The theme of how workers can challenge the Tories’ austerity has run through this year’s union conference season. Everyone, from union general secretaries to rank and file activists, agree that we need action against the cuts.
Some 35 GMB union members from Sheffield Recycling Centres began an all-out strike last Saturday.
Over 1,000 firefighters in Essex were set to strike for eight hours on Thursday of this week.
Around 400 people gathered at the Reclaiming Our NHS conference last Saturday in London. The conference was jointly organised by the NHS Support Federation and Keep Our NHS Public.
There was little debate on pensions at the Unison national conference in Bournemouth last week. The union’s executive did its best to try to move on from the issue.
The inquest into the death of Sean Rigg has heard how staff at the hostel he was staying in made five 999 calls to police.
The manslaughter trial of a police officer accused of killing Ian Tomlinson has heard a witness describe Tomlinson as "not posing any threat to the officers".
Around 100 people protested in Purfleet, Essex, on Monday of this week as part of the fight to save the threatened Coryton oil refinery.
Hundreds of bus workers took to picket lines across London last week as they struck to demand an Olympic bonus. The Unite union members’ walkout last Friday was the first London-wide action on the buses since 1982.
The announcement that Mohamed Mursi from Muslim Brotherhood had won Egypt’s presidential election was met with relief and celebrations across the country.
The president of the republic, Mohamed Mursi, won’t be allowed to go to bathroom without Field Marshal Tantawi’s permission. Scaf will remain political leader.
Greece has a new coalition government—but it is already in crisis. The finance minister resigned on Monday of this week.
The agreement reached at the United Nations Conference on Sustainable Development contains almost no binding commitments.
I’ve worked in the mines for 31 years. Life is tough, it’s dangerous. But I wouldn’t change my job for anything else.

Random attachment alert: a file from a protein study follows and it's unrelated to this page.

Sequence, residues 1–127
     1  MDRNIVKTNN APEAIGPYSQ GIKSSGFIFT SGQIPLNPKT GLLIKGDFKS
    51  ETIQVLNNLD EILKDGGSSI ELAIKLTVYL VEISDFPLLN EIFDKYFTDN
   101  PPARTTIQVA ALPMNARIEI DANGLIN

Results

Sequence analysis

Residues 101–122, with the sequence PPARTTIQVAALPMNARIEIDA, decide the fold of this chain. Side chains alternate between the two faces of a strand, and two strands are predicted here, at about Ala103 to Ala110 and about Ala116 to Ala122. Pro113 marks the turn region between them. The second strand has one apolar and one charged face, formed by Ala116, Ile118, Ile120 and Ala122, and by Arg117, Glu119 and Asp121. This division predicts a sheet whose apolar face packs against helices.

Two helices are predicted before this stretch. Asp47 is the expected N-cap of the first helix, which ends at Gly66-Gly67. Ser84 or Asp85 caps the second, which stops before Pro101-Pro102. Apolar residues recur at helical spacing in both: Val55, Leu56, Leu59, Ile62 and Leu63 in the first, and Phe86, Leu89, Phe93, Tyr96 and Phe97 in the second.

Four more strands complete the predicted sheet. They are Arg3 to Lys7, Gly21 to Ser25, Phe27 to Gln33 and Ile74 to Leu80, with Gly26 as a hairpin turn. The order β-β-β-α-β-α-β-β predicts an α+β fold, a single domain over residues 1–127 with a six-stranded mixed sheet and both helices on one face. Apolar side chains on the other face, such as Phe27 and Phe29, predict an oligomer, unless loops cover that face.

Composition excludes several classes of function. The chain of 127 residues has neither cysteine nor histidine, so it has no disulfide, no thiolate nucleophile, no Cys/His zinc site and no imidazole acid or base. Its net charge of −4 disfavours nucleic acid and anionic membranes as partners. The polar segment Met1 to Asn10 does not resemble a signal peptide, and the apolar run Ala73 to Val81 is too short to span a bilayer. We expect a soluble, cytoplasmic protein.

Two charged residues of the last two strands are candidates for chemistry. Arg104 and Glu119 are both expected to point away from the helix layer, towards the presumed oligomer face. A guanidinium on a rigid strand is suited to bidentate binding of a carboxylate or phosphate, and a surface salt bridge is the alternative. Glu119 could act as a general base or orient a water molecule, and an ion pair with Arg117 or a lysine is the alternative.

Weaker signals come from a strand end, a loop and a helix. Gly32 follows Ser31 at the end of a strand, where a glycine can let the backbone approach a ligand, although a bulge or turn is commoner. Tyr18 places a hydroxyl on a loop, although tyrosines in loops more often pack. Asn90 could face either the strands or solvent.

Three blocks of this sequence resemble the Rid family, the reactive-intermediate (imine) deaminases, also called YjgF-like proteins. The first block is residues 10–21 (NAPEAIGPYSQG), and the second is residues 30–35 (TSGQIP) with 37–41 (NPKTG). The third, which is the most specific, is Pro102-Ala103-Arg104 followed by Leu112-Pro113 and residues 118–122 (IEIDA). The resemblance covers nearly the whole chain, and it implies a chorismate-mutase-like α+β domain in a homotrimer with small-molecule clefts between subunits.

The shooting down of a Turkish jet fighter by Syrian forces marks a dramatic turn in the Syrian revolution.
Police used batons and tear gas to break up anti-government demonstrations in Sudan’s capital Khartoum last Saturday. Students have been demonstrating for weeks, but last weekend they were joined by sections of the urban poor.
The Tories know that their austerity policies will hurt ordinary people and that this will make them unpopular.
One sign of how serious the eurozone crisis has become is the brevity with which every supposed "solution" brings relief.
Drones, or unmanned aircraft, have become a defining feature of the seemingly endless "war on terror". The missile-loaded planes have been tested and used by the US since before 9/11.
During this summer of royal and sporting spectacles, we seem to be surrounded by the warmed up leftovers of Britain’s patriotic myths.
The Photographers’ Gallery in London has reopened its doors with a new exhibition by Canadian photographer Edward Burtynsky.
The police are corrupt. That is the simple premise of the new BBC thriller series Line of Duty.
Nadine Labaki is the Lebanese director of Caramel. Her latest film is set in an unspecified Middle Eastern village where Muslims and Christians live.
From 1886 Charles Booth spent 17 years visiting and mapping every street in London, recording the social conditions of the space and its residents.
David Cameron’s latest assault on benefits rests on the idea that there’s a distinct group of people living on the fringes of society.
The ruling elite are deeply racist—but sometimes they put their racism on hold to benefit their own interests.
Labour council oversees deskilling of its workforce All this week I’ve seen about 30 young people in Braunstone Park lopping off branches and trimming the grass as I walk my dogs. They didn’t seem to have any special clothes or equipment so I asked some of them what was going on.
"Spending cuts could last seven, eight, maybe ten years"
David Cameron called comedian Jimmy Carr "morally wrong" for using Jersey to pay just one percent tax on his £3.3 million income.
Avoiding tax isn’t just for comedians and ageing boy bands—it is the way British capitalism operates.